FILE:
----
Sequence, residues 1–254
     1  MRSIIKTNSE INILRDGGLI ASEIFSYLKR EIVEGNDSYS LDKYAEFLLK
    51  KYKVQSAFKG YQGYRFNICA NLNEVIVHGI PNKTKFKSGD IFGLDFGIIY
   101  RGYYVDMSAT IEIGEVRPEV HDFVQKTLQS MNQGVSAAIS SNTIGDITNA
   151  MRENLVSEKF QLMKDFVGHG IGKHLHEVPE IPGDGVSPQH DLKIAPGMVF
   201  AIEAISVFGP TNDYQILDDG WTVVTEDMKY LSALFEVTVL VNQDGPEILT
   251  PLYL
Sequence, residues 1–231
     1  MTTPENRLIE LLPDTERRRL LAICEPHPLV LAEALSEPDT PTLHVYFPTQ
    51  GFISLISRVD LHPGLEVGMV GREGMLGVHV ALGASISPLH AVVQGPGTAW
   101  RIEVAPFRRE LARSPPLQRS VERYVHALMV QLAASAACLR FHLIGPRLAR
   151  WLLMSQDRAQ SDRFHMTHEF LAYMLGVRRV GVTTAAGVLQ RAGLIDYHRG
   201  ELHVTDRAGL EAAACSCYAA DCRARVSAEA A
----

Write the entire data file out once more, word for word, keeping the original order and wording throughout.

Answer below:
Sequence, residues 1–254
     1  MRSIIKTNSE INILRDGGLI ASEIFSYLKR EIVEGNDSYS LDKYAEFLLK
    51  KYKVQSAFKG YQGYRFNICA NLNEVIVHGI PNKTKFKSGD IFGLDFGIIY
   101  RGYYVDMSAT IEIGEVRPEV HDFVQKTLQS MNQGVSAAIS SNTIGDITNA
   151  MRENLVSEKF QLMKDFVGHG IGKHLHEVPE IPGDGVSPQH DLKIAPGMVF
   201  AIEAISVFGP TNDYQILDDG WTVVTEDMKY LSALFEVTVL VNQDGPEILT
   251  PLYL
Sequence, residues 1–231
     1  MTTPENRLIE LLPDTERRRL LAICEPHPLV LAEALSEPDT PTLHVYFPTQ
    51  GFISLISRVD LHPGLEVGMV GREGMLGVHV ALGASISPLH AVVQGPGTAW
   101  RIEVAPFRRE LARSPPLQRS VERYVHALMV QLAASAACLR FHLIGPRLAR
   151  WLLMSQDRAQ SDRFHMTHEF LAYMLGVRRV GVTTAAGVLQ RAGLIDYHRG
   201  ELHVTDRAGL EAAACSCYAA DCRARVSAEA A